Remington 870 DM Magpul 12 ga



  • FisheadgibFisheadgib Senior Member Posts: 5,211 Senior Member
    edited June 7 #32
    Bigslug said:
    No question that I'm old fashioned on a lot of stuff, and oddly, seem to be going DEEPER into the past with a lot of my firearm preferences as time goes on.  

    I may be wrong and I apologize if I am but I thought that you hated lever guns and thought they were stupid and impractical. I consider lever guns old fashioned.
    snake284 wrote: »
    For my point of view, cpj is a lot like me
  • CHIRO1989CHIRO1989 Senior Member Posts: 9,805 Senior Member
    I have fixed misfeeds in my 1100 on the clays range in a manner similar to what Bigslug describes and still broken the target.
    I take no pleasure in the death of the wicked, but rather that they turn away from their ways and live. Eze 33:11
  • Diver43Diver43 Senior Member Posts: 7,873 Senior Member
    I just thought of something:  Pics or it doesn't exist

    We are slipping
    Logistics cannot win a war, but its absence or inadequacy can cause defeat. FM100-5
  • BigslugBigslug Senior Member Posts: 6,658 Senior Member
    Bigslug said:
     (1.) depending on your system, you started with between four and nine rounds of 00 buck - there shouldn't be anything left alive within 20 yards of you by the time that's gone;  

    This is an awful lot of faith in all hits being center mass as well as the effectiveness of 00 buckshot. Possibly, just maybe, a tad too much faith?
    What I don't have faith in is relying on the law of averages via capacity to eventually deliver my hits, or having the time available to solve the problem with a reload if I couldn't do the job with the on-board load out.  I am not looking to fight the entire Normandy landing with what's in the gun, but rather to clear the immediate area, regroup, and move on if need be.  In that one instance, if I've sucked with six, I'll probably still suck with twelve.

    But that's somewhat beside the point.  If we both start with six, I can shoot two and still have four perfectly shootable rounds ready WHILE I'm loading two more and then have six again, while you shoot two, agonize over whether four is enough to continue with, turn your gun into a single shot for the duration between pulling the mag out, trying to find some place to put it, fishing out a second mag that you hopefully managed to bring, and getting it locked in to have seven.  If I fumble and drop a single round, I forget it and move on.  If you drop a mag, that's potentially a lot of your plan gone.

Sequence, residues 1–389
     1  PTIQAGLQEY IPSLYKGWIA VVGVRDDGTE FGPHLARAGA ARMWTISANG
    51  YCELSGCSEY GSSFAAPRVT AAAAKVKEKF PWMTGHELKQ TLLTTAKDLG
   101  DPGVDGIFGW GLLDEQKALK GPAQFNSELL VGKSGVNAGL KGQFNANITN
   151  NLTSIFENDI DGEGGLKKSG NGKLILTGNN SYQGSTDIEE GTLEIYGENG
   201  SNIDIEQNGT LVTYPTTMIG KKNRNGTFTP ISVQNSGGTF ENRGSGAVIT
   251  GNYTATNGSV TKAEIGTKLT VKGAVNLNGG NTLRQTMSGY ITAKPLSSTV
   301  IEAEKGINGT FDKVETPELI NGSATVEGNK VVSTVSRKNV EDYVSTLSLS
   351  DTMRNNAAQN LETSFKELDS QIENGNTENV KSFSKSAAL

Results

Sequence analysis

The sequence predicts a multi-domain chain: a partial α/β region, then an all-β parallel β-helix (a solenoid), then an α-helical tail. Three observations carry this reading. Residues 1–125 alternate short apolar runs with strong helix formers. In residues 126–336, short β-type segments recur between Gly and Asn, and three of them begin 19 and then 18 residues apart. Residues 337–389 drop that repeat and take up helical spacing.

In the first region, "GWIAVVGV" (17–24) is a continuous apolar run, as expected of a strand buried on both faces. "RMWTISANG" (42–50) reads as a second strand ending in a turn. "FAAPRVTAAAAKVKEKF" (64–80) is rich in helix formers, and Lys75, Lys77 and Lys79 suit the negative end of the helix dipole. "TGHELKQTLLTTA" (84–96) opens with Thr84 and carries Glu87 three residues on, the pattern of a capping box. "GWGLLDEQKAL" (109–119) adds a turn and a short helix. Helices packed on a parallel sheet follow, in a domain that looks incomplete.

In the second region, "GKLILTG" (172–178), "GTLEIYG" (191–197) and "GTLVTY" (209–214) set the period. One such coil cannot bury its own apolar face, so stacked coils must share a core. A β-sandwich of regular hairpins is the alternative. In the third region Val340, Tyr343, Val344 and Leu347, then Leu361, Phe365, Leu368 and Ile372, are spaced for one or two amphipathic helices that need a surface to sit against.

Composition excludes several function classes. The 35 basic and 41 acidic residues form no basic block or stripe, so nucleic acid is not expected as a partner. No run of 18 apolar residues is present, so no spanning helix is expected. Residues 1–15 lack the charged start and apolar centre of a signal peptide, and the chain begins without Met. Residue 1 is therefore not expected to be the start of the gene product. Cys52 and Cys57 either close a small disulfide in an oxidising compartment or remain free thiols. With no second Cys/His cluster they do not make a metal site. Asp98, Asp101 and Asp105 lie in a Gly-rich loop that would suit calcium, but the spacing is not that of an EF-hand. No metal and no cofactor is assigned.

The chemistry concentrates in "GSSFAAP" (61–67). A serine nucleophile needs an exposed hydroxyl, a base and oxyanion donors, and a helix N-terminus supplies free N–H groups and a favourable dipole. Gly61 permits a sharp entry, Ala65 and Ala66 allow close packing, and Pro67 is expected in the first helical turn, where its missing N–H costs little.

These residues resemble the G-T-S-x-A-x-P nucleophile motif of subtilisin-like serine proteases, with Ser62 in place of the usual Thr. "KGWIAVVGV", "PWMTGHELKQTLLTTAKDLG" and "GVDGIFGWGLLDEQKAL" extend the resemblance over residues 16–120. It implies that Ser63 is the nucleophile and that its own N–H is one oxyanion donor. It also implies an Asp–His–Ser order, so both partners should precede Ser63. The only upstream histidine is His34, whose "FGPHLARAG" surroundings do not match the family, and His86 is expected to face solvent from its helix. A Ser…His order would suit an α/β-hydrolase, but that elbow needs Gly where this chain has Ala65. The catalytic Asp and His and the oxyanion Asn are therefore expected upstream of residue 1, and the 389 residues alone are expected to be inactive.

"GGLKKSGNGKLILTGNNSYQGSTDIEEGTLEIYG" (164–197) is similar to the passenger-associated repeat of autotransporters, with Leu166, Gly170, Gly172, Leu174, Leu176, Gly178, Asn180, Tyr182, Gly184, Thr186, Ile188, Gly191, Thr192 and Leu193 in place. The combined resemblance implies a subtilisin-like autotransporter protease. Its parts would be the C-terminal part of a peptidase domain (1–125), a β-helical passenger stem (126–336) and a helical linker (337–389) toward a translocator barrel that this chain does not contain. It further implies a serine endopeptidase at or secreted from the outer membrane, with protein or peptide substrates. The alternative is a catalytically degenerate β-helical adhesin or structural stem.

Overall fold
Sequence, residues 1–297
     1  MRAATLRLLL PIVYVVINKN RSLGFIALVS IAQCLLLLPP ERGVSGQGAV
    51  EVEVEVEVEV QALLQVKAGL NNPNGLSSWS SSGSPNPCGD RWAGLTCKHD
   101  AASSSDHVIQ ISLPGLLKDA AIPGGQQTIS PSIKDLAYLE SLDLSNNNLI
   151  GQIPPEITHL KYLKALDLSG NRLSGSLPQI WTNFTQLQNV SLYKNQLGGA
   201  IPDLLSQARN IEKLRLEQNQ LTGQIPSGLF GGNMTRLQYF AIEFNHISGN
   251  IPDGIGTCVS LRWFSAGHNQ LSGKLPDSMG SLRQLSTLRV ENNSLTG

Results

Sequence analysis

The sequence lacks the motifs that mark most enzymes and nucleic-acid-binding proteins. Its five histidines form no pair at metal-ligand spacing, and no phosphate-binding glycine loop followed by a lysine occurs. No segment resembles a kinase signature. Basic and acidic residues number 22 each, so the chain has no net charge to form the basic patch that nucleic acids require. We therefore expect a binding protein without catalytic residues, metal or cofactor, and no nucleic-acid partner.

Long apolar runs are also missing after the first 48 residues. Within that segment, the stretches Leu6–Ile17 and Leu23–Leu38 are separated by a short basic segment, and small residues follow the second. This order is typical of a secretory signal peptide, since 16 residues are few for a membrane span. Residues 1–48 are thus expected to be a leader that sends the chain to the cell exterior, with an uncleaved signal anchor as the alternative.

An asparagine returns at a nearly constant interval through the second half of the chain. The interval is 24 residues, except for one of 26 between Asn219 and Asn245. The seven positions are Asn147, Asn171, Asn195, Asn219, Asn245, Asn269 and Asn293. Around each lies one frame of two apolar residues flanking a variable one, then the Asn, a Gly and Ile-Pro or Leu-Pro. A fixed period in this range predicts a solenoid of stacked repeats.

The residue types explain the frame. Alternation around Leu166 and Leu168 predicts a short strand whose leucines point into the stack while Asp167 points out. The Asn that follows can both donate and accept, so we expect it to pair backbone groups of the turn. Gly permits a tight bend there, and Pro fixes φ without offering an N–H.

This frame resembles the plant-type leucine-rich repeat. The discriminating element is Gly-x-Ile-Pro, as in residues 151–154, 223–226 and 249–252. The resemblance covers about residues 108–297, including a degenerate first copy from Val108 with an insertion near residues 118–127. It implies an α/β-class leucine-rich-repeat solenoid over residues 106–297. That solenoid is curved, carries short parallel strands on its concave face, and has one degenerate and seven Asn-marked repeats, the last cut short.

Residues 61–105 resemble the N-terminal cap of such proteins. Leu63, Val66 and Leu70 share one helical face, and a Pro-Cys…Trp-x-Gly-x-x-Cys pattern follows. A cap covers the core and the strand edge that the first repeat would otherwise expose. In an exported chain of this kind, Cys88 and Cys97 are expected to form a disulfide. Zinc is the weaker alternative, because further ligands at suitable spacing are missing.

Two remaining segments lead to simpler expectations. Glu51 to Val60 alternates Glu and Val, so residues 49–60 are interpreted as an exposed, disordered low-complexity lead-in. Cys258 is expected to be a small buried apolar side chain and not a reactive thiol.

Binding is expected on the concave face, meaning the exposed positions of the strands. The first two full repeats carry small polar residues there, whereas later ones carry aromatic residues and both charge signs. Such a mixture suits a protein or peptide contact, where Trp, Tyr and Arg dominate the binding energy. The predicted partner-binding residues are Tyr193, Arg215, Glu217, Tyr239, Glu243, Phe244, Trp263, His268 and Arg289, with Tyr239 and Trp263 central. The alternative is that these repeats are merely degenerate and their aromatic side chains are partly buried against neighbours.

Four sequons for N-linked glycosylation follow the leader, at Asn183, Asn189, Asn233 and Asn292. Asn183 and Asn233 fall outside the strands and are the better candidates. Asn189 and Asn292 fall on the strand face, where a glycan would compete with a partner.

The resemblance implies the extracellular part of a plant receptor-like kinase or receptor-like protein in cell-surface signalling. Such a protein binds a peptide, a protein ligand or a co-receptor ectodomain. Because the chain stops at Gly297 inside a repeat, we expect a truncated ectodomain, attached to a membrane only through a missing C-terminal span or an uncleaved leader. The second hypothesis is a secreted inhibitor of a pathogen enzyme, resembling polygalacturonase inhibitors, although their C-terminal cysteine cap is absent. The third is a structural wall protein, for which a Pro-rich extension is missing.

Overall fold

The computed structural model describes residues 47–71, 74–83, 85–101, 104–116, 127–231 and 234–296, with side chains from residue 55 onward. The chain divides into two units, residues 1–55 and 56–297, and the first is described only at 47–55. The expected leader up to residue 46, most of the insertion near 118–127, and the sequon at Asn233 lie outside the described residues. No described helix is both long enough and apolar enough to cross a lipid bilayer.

Like I said, if this thing solves a specific problem for you, fine, but to me, it's trying to reinvent the wheel by making it square.

    "Nothing is safe from stupid." - Zee
  • earlyagainearlyagain Posts: 1,456 Senior Member
    The ability to to top off with an economy of movement was also foremost in my mind when considering this subject. Seems important regardless of the guns intended use.
  • tennmiketennmike Senior Member Posts: 22,978 Senior Member
    For doing double duty ON A FARM I can see the mag fed shotgun as a good and useful alternative to the tube fed shotgun. By leaving the shotgun unloaded, all that is required is to assess nature of the disturbance and put in the mag with the correct ammo, cycle the action, and take care of business.

    Being lazy, I solved that problem here on the farm a little differently. The Rem. 870 with the 8 shot tube is loaded with slugs, and the Mossberg 500 is loaded with 5 rounds of #6 shot. Both have a bag with a box of 25 rounds of same ammunition right beside them; old VN era square mag bag with shoulder strap.
    If a Liberal throws a hand grenade at you, pick it up, pull the pin, and throw it back at them.

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